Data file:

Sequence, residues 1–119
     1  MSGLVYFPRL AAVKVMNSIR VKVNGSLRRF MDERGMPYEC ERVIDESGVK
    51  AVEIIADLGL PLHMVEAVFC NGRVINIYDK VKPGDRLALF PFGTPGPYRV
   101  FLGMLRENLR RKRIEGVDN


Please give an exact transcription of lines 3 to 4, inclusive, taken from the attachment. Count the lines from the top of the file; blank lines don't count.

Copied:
    51  AVEIIADLGL PLHMVEAVFC NGRVINIYDK VKPGDRLALF PFGTPGPYRV
   101  FLGMLRENLR RKRIEGVDN